The answer is simple. Because we run. Stop running from your problems. Stop, take a minute, and look at the bigger picture. Look at God's grander scale of your life instead of seeking answers in that individual situation itself. Open your eyes to see it all instead of squinting to see what solution there may be in the world's narrow scope. See that loss is often gain. See the light of the situation and work through it...not away. Conquer the pain. Persevere to find purpose.
This summer I was blessed with the opportunity to partake in one of my favorite things-traveling. Along side of my family, I packed my bags and headed out the door, anticipating the adventures that awaited us thousands of miles away. While trekking through the western parts of the United States, I discovered 4 important concepts.
1. It is HOT. Heavenly, overwhelming, and treacherous. Oh, and over 100 degrees in most places.
2. The pain is always worth it.
Hiking miles up mountains each day was by no means easy at all. There were times some of us felt like it was impossible to make it to the destination. The constant agony moving through different parts of the body were certainly a hurdle to overcome to reach our goal. However, with the encouragement from one another and hydration provided to us in the dry lands, we were able to push through. We kept on moving, and eventually made it to the grand view and all of that pain just seemed to dissipate at once.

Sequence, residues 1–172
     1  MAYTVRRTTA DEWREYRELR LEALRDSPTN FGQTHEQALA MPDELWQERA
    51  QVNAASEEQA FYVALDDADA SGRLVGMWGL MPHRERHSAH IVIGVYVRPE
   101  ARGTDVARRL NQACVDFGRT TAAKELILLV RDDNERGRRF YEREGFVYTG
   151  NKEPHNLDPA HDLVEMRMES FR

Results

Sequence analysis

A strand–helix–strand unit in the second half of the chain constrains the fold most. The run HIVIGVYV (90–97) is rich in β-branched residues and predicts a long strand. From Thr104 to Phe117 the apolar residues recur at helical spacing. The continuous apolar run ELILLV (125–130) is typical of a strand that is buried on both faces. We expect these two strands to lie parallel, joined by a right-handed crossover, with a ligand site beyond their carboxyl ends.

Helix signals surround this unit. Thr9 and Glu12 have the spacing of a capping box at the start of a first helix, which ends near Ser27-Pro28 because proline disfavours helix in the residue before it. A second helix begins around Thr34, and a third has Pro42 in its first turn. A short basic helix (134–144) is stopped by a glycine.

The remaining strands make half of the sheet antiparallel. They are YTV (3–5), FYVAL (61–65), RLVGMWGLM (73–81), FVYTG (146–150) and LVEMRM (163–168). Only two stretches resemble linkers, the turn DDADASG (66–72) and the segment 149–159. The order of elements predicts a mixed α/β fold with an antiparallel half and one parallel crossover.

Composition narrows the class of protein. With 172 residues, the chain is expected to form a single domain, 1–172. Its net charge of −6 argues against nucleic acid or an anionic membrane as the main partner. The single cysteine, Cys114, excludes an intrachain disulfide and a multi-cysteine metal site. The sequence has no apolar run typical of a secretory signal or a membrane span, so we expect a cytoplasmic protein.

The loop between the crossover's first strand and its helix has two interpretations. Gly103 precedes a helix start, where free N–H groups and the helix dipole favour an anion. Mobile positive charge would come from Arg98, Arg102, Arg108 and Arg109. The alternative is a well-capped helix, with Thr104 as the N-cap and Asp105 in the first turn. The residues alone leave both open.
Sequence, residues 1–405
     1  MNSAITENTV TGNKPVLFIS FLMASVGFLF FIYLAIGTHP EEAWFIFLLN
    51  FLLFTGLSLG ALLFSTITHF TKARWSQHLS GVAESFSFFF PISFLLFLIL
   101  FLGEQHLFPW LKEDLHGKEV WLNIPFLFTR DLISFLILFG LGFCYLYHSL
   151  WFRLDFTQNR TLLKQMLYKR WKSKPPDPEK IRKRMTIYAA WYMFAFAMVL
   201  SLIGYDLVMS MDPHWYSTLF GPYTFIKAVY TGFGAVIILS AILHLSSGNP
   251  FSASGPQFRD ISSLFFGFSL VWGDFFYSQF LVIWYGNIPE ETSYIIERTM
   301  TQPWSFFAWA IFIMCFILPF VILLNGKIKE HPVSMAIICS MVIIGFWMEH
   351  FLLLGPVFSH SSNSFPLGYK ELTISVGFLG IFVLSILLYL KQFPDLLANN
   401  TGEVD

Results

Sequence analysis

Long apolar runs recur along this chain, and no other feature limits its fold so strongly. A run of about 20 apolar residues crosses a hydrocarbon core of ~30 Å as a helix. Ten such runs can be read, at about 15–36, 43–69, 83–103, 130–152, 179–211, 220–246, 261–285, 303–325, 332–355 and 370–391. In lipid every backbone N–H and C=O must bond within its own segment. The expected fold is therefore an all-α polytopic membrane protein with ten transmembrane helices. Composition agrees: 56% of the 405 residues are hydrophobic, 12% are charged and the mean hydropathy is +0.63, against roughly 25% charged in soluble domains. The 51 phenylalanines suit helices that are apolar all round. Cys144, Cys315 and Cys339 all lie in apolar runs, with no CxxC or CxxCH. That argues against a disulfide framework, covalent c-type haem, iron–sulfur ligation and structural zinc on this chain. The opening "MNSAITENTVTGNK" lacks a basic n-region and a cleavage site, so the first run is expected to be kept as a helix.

Life can be quite the hike at times. We face challenges that hurt us and tug at our hearts-challenges that make us feel like we want to give up. Sometimes we are blinded by the world to seeing the purpose in perseverance. Through the power of the Lord our life is given purpose. Through Him we can conquer our hardships and find meaning in them rather than burden. Through Him we can see how our loss can be gain.
3. Stay on the trail and follow the blaze.
One of the first and most important rules you learn as a hiker is to stay on the trail and follow the blaze. It is strongly encouraged to stay on the path, not only to prevent erosion on the side of the mountain, but also for your own safety. Danger awaits outside of the trail: predators looking for their prey, the uncertainty of what steps to take that are stable, and the often inevitable- becoming lost.